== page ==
On a barrel of oil price-equivalent basis, natural gas should maintain a hefty price advantage over gasoline and diesel in the transportation sector, according to a white paper released Wednesday by the trade association Natural Gas Vehicles for America (NGVAmerica).
NGVAmerica pegs much of its continuing optimism for the product it is promoting on the U.S. Energy Information Administration's (EIA) projection of a wide gap over the next 25 years between natural gas and its two transportation fuel competitors: gasoline and diesel.
"Historical data from the U.S. Department of Energy's Clean Cities Program clearly demonstrate that natural gas transportation fuel prices have been competitive with gasoline and diesel, and have become even more competitive since the 'de-coupling' of oil/gas commodity prices in late 2008," NGVAmerica said.
The white paper allowed that the rosy outlook for natural gas as a vehicle fuel depends upon a continuation of the shale boom.
"Natural gas wellhead prices have been relatively stable since about 2009, and forecasted prices have natural gas at about $2/diesel gallon equivalent through at least 2025."
Among the white paper's conclusions:
History shows recent global oil price declines and related gasoline and diesel price drops are likely to be short-lived;
Diesel fuel is influenced by a variety of other factors (besides oil prices) that will likely keep upward pressure on prices over the long run; and
On a Btu basis, natural gas still has a three-to-one price advantage over oil and at the pump average compressed natural gas prices are 75 cents to $1/gallon equivalent than diesel.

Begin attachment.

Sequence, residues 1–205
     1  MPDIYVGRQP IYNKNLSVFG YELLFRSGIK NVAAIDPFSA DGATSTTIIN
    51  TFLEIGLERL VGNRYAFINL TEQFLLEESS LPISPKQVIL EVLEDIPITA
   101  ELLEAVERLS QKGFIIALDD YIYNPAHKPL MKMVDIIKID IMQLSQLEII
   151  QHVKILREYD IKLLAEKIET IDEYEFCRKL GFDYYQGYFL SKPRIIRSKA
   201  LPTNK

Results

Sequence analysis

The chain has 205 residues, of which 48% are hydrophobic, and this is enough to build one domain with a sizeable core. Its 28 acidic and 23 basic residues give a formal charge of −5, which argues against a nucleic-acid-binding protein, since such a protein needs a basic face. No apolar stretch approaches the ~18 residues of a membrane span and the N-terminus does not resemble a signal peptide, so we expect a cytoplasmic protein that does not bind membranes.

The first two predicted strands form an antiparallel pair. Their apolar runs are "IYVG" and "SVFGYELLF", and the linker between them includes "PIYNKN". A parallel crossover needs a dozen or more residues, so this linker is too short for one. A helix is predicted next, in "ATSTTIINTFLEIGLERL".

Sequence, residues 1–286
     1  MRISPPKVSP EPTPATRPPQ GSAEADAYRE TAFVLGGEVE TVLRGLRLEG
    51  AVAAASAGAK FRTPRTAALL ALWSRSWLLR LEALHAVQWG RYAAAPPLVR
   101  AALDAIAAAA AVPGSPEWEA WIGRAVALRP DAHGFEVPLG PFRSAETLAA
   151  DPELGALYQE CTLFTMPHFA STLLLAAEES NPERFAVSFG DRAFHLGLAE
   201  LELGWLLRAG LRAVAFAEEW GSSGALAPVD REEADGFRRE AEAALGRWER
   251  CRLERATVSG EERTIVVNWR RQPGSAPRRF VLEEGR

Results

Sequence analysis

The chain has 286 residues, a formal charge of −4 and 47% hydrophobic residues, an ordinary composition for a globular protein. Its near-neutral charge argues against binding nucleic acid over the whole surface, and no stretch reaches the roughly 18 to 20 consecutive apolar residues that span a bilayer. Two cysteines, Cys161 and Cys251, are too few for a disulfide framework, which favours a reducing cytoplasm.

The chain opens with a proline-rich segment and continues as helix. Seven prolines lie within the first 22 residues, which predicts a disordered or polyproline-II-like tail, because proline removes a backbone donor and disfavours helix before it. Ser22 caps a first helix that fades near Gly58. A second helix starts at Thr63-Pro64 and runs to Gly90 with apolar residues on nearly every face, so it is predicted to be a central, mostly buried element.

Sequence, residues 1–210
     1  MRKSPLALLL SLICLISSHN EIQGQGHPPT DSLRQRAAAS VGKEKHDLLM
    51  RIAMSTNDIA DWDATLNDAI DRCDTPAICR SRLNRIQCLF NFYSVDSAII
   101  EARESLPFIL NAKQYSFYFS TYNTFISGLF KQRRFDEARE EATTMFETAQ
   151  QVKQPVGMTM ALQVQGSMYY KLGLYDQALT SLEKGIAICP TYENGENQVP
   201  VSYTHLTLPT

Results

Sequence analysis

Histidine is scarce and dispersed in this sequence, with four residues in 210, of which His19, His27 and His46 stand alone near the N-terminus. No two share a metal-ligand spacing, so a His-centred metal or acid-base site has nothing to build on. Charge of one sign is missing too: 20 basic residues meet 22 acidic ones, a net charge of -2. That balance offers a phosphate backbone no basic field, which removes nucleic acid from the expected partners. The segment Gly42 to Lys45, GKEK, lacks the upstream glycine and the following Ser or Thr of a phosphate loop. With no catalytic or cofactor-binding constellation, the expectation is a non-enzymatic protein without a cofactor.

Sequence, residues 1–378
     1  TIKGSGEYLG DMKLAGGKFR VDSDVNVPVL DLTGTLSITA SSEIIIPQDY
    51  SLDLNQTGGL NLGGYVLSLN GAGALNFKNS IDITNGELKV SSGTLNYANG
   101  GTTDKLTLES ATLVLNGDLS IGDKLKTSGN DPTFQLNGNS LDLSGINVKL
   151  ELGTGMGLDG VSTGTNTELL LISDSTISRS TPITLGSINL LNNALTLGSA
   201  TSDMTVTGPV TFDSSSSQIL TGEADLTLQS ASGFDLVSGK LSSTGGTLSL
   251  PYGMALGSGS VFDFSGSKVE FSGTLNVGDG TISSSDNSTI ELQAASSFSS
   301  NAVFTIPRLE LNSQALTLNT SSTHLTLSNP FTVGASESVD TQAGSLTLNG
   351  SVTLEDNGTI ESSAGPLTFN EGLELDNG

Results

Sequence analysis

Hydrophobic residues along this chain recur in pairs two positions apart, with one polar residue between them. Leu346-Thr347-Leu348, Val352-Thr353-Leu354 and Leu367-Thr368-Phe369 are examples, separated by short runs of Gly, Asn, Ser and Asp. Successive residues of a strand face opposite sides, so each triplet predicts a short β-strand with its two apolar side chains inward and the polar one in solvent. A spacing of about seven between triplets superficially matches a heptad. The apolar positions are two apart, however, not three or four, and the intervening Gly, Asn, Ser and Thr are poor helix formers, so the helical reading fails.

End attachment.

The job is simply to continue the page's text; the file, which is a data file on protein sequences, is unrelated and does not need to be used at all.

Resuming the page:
Charting West Texas Intermediate (WTI) crude oil and natural gas on a Btu-equivalent basis, at the end of 2014 an average WTI barrel was $60.94 compared to an equivalent "barrel" of natural gas for $23.35, the NGVAmerica white paper said. "Even with the steep decline in oil prices, a significant barrel of oil equivalent (boe) price advantage still exists for natural gas.”
The global oversupply of oil is attributed to slowdowns in the European and Chinese economies, along with robust U.S. production, NGVAmerica said. "Demand for oil is still increasing but not as fast as was once forecasted; when demand does not keep up with growing supply, prices decline."
NGVAmerica cited the International Energy Agency and EIA, both of which project oil prices to turn upward late this year when they are predicting the oil demand and supply lines will cross again. The two agencies are forecasting 2015 prices to average in the mid- to high-$50/bbl range. In 2016, the agencies are predicting $75/bbl for Brent and $71/bbl for WTI.
The white paper is not clear on where and when diesel prices will bottom, but it said the pump price of diesel has not fallen as fast as gasoline pump prices, reflecting the fact that the domestic diesel market is a lot smaller than the U.S. gasoline market. In addition, about 1 million b/d of U.S. diesel are exported to higher-priced markets, and the refining, marketing and distribution costs for diesel also run higher than gasoline.
Another factor keeping diesel prices higher relative to gasoline is its wider appeal in non-transportation markets as it is used in home heating, industrial boilers, etc., in the United States, the white paper said.